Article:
India should stick to attacking hockey, need to be wary of Poland in Olympic qualifiers, says former captain Sandeep Singh
Sandeep, who is set to launch his chain of hockey academies, said, 'Attacking hockey is our style, and we must stick to it. It suits us well, and I think we should not change our character going into the Olympic qualifier.'
Sandeep is also set to launch his chain of hockey academies to develop players at the grassroots level.
Sandeep lauded former captain Sardar Singh's foray into selection committee.
Former India hockey captain Sandeep Singh reckons India must stick to their attacking style of hockey going into the Olympic qualifiers later this year. The Manpreet Singh-led side, that finished sixth at last year's FIH Hockey World Cup in Bhubaneswar, will play the FIH Series Finals — an Olympic-qualifier event — at the same venue from 6-16 June.
Sandeep, an acclaimed drag-flicker in his time, also said that the hosts will face stiff competition from Poland at the FIH Series Finals. India, currently ranked fifth by the FIH, are pooled with Japan, Mexico, Poland, Russia, South Africa, and the USA for the event. Poland finished last at the 2017 Euro Championship and also failed to qualify for the 16-team World Cup.
"Attacking hockey is our style, and we must stick to it. It suits us well, and I think we should not change our character going into the Olympic qualifier," Sandeep, an acclaimed drag-flicker in his time, told Firstpost.
Sandeep, though, cautioned against taking the 21st-ranked Poland lightly. "I think Poland will be a tough competitor and we must not take them lightly," he said.
Further, he lauded former captain Sardar Singh's foray into selection committee and said that the ace midfielder's recent stint with the national team puts him in the best position to judge players' potential.
Sardar was quietly inducted in the 13-member selection panel by Hockey India early this year, and the veteran playmaker has insisted on finding a balance of youth and experience for the upcoming events. That philosophy seems to have impressed Sandeep too, who weighed in on the importance of experienced players in the team. "That's the best policy to build a team. You can't just blood in youngsters and ignore the experience. A lot of times, in crunch situations or matches, the team needs an experienced campaigner to guide them.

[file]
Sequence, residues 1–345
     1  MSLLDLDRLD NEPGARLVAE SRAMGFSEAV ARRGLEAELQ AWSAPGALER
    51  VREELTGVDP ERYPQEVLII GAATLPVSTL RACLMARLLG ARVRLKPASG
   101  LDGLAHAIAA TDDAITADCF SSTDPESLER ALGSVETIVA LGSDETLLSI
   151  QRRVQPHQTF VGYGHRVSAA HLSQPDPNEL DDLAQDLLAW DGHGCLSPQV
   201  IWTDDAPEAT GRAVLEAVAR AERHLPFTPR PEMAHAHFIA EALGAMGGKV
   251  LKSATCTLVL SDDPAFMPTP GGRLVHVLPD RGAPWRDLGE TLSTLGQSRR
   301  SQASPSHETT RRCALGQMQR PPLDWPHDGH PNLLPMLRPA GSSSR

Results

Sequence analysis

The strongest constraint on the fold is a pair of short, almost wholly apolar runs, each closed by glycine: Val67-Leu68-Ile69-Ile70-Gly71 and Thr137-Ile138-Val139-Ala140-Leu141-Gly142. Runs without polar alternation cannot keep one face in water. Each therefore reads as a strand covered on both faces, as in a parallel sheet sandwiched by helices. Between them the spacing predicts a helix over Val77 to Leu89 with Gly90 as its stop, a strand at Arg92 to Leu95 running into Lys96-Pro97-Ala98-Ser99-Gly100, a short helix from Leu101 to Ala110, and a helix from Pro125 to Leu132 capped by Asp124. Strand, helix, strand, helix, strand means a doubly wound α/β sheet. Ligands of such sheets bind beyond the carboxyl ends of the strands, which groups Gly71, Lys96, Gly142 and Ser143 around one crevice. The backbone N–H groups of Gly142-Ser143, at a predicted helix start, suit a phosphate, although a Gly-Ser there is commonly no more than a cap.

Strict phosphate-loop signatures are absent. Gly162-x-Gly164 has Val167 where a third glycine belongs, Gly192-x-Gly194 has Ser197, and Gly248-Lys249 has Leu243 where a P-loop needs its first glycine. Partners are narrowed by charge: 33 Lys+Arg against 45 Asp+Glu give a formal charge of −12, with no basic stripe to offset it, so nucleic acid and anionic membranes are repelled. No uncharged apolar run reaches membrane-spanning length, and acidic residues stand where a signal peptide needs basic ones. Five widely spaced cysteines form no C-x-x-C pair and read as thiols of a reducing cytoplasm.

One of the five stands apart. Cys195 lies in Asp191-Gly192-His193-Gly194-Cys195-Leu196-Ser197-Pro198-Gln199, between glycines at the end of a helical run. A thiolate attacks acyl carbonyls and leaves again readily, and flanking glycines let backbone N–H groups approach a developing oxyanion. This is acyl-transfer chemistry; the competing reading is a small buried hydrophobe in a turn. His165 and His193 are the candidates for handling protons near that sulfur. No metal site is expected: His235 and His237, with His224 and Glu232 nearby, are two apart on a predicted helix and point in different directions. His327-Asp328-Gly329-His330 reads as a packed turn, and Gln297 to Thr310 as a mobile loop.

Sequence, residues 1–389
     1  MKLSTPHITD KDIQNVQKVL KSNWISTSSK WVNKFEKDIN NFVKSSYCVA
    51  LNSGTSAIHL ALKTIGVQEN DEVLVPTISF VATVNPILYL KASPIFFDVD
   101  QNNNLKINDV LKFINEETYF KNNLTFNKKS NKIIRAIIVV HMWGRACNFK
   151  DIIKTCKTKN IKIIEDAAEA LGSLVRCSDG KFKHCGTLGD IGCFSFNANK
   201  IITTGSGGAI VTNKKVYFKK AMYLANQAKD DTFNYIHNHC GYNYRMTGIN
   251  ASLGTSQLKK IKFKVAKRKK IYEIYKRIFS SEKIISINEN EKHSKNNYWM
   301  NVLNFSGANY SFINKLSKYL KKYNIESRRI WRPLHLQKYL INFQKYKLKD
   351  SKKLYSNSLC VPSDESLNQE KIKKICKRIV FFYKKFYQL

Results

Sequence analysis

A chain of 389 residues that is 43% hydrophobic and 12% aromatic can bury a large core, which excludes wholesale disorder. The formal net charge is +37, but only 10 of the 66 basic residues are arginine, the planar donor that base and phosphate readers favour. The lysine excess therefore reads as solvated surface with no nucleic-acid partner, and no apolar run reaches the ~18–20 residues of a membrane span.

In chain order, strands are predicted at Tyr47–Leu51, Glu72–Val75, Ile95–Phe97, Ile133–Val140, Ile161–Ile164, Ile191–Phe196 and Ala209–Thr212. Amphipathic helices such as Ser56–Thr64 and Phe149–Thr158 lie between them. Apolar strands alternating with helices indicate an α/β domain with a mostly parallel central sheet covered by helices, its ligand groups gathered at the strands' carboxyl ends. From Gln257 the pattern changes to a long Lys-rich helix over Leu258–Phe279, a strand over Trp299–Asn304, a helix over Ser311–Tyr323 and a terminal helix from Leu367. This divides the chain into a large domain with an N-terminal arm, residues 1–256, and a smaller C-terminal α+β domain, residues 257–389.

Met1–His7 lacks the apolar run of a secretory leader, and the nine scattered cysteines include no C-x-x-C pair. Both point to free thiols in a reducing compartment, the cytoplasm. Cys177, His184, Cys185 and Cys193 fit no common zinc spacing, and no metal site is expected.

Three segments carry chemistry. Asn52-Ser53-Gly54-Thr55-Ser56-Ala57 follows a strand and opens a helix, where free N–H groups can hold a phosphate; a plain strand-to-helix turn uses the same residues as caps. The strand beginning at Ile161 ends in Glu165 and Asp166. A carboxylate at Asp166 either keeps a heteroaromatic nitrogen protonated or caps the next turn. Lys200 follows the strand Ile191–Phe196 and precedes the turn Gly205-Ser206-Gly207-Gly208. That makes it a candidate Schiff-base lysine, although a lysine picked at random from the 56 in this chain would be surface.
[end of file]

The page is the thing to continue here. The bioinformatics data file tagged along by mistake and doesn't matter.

"I think Sardar's inclusion in selection panel is a very welcome step, and I must laud Hockey India and Sardar for this step. Players who have played recently should come up and take such positions since they are best equipped to handle and understand the demands of modern hockey. Since he was an active player till recently, he is well aware of the potential of the current players. It is a very good step, and I wish him the best," he said.
Sandeep is also set to launch his chain of hockey academies to develop players at the grassroots level. The ambitious plan includes opening 100 centres across the country within three years, with the first academy set to be inaugurated before the end of March.
"It will be all about preparing next generation of hockey players, and the idea sprouted during the Olympic qualifiers in 2012, when a fan told me that Indian hockey can regain its glory only if we work on our grassroots structure. That got me thinking," he mused.
"We don't have that many academies in India that look to catch talent early. Whatever academies are there are accessible only to players who have achieved a certain level of finesse in the game. With this, we aim to groom young talent who can go on to become good players."
Sandeep is tying up with a number of schools, colleges, and smaller academies to bring a large number of children under the fold, but the thrust, he says, will be on helping students build a career in sports.
"I am very interested in students of Classes 5 and 6. That's when children begin to understand a sport. Initially, the focus will be to develop an interest for the sport, and gradually, we'll introduce them to the concepts of fitness and diet. With the help of qualified coaches, we'll look to groom them into potential players. My dream is to develop a sports culture in the country and draw as many kids as possible towards sports," he said.
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